Trip Start May 22, 2012
52Trip End Jul 06, 2012
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Typically a new station is built a couple of hundred metres up the line, and the old station is left and often covered wtih vines and undergrowth. We found the same was true for many homes. These homes were quite large, double storey big hones that appearedto have been abadoned for 20+ years, perhaps more. Just not something you'd see so very often in Australia.
We noticed immedaterly the difference betweeen the italian stations and the swiss stations, and for that matter, the UK. Huge, unbelievalbe amounts of train graffiti, like we've all seen on tv from Los Angeles. Lack of ticket machines, lack of turnstiles, you could see the dip in infrastructure - lack of signs, and staff, the Florence information desk was closed ... whereas in the UK, there were staff to assist everywhere we went.
Having said that, inside the Italian trains, they were cleaner and with nicer seats than Melbourne. Sam was really surprised, they were much cleaner what she'd remembered from past trips in Italy. We only had one delay in Italy, in Cinque Terre, when a regional train was cancelled. The whole train thing was better than we'd heard.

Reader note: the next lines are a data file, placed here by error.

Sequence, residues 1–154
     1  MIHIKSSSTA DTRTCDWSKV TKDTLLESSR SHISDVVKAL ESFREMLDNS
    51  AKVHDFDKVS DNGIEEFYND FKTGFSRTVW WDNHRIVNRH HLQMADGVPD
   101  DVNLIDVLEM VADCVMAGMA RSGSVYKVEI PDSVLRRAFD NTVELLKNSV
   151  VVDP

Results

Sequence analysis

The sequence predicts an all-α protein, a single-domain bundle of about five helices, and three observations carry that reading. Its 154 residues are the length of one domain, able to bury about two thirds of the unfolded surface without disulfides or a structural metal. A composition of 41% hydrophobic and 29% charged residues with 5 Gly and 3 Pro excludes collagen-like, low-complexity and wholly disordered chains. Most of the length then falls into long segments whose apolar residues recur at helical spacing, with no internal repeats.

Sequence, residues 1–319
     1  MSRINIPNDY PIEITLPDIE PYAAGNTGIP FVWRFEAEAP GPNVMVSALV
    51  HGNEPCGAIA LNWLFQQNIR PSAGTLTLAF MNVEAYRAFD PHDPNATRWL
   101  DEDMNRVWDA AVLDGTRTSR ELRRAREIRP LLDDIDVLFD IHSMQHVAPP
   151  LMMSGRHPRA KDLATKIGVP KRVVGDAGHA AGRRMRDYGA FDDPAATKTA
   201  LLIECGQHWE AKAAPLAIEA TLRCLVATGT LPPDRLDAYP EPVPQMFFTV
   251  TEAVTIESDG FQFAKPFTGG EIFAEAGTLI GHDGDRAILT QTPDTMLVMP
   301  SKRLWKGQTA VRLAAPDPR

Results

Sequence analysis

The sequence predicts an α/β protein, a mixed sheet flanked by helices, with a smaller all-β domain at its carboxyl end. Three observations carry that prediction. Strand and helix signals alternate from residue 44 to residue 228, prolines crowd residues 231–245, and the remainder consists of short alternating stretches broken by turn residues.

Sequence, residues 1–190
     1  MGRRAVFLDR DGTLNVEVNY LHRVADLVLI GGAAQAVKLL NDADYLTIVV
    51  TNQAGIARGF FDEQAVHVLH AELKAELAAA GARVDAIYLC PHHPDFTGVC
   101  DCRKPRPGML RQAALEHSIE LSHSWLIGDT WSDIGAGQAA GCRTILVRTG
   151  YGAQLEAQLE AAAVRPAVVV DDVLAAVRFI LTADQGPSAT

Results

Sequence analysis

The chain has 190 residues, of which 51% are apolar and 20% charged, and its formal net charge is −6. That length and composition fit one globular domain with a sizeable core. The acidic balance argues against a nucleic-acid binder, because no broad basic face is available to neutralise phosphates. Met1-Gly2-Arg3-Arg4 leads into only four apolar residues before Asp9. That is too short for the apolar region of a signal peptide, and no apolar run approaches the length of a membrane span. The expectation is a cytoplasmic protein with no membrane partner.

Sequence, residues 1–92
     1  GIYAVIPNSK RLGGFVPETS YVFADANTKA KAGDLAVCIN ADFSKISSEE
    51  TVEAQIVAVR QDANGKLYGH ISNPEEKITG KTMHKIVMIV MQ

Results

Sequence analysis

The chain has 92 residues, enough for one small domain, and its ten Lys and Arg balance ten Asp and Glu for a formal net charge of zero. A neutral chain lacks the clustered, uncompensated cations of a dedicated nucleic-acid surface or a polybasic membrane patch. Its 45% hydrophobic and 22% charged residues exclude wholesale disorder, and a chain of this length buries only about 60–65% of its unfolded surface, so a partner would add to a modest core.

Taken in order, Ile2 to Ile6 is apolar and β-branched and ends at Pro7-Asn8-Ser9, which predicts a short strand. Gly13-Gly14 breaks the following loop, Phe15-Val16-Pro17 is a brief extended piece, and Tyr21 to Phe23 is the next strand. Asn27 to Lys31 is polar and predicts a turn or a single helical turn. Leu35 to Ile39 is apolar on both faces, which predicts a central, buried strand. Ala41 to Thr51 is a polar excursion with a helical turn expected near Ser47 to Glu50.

Florence was quite a whirlwind, having only a single day to get a taste for what it was like. lots of flash shops, lots of clothes shopping that we would have liked to have more time to pursue. One of the first things we saw was the Duomo. It was huge. Very ornate, we are quite sure Franco Cozzo had a hand in its building :)
Dave was snapping pictures whilst being dragged along by Sam, and this picture looking back across the bridge with shops along its length was very unusual. Every inch of real estate in Florence is used to its maximum. Very much a walking city.
Fountains and bronze statues are all over the place, Sam remembered these two and aimed for them on their way to the Uffizi Gallery.
The statue of Dave was very impressive. At 5.17 metres, Dave wasn't expecting the size of the statue. As you can see from the two photos Dave took, photographs were prohibited. A small Italian lady came over and told him off - fortunately, she was too slow off the mark.
As for the sculpture itself, Dave mumbled something about gym membership as we were leaving.
Finally, we got to the real statue ...
The stepthrough bikes were everywhere ... it's nice to see them zipping through the city.
Most of the places we visited in Italy are really made for walking, not cars. The cobblestone streets, tested the notoriouskly weak Rees ankles, one of which, you may recall, was badly twisted from an accident in an outdoor adventure store, while he was trying to get to the dressing room to try on some travel pants. With this preexisting injury in place, and the worlds most unsupportive business shoes, Dave had a winning combination for the walking tour of Florence.